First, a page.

It’s been so long since I’ve covered current events, but some days there are just stories that scream out for comment. Today’s is from the New York Times and is about sperm banks. Simply put, it’s a parade of horror stories in which sperm is lost, misused or passed over as something it is not.
On one level the problems here are obvious when you give even a little thought to how sperm banks generally operate. Men come in and give sperm. Some are paid to do so. (There’s a lot more complexity than this–you could discuss payment structures, etc. But I only need to do this in broad brush for now.) These men providing sperm that will be used by people they do not know (and sometimes will never know.) Other men are preserving their own sperm for subsequent use.
There are at least two different sorts of problems here. First, all the sample look alike–you cannot recognize your own–and so it’s easy to see how mix-ups could happen. It’s also easy to see that mix-ups are potentially disastrous. Sloppiness, carelessness, perhaps even greed, where a sperm bank short of samples appropriates samples it should not, lead to some of the difficulties discussed in the article.
And then there are the lying sperm providers. (I’ve said in the past–discussed at length–that I don’t like the terminology “donor.” Men providing sperm might lie, mislead or simply be uninformed for a number of reasons. If you’re set to provide sperm for money, for whatever reason–and it turns out you have some family history that could be problematic, why not just omit that little detail? And does the sperm bank really have that much interest in being diligent about following up? Clearly the answer here is “some do and some do not.”
All of this is to say that I am hardly surprised that the industry (and I do think it is an industry) has its share of abuses and abusers. The cases discussed in the article are, if true, indefensible. And not that surprising in a very lightly regulated industry.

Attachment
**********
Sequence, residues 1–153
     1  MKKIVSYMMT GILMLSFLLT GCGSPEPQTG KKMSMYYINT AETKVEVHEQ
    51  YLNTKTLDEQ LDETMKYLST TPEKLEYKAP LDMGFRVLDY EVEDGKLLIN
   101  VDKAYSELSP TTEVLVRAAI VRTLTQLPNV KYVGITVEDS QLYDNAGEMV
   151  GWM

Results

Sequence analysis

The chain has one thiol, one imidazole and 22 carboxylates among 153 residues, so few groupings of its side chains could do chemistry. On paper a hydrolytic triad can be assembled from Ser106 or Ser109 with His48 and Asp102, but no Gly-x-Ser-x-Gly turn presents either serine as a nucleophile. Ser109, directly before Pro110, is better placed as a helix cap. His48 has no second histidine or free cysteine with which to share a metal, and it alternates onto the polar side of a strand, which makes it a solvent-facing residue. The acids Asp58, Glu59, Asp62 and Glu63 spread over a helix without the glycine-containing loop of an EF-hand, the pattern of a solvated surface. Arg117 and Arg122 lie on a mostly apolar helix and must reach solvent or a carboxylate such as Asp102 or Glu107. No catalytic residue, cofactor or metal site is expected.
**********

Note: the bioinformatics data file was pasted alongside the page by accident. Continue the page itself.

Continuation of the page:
And yet I support the use of third-party sperm. (Again, long story on terminology.) How can this be? I think it can be done well and safely and I think many many places do it well and safely. No doubt it my mind, in fact. There’s nothing inherent in the business that disturbs me–it’s the particular practices of unscrupulous individuals. And you get those everywhere–there are unscrupulous lawyers, unscrupulous doctors and so on.
What I am surprised about is that the American Society of Reproductive Medicine (ASRM) doesn’t see that better regulation is needed. And yet surely it is. The industry overall suffers from the presence of the the few unscrupulous practitioners, not to mention the individuals who are victimized. An actual regulatory regime—with enforcement–could make a world of difference. Yes, it would probably make it more expensive (and that hs it’s own complications), but safety is often worth paying for.
What would the regulations look like? How would they be enforced? I’m not there yet. But I don’t know what to do when faced with stories like the ones in the paper except to take some sort of action to minimize the likelihood of future repetition.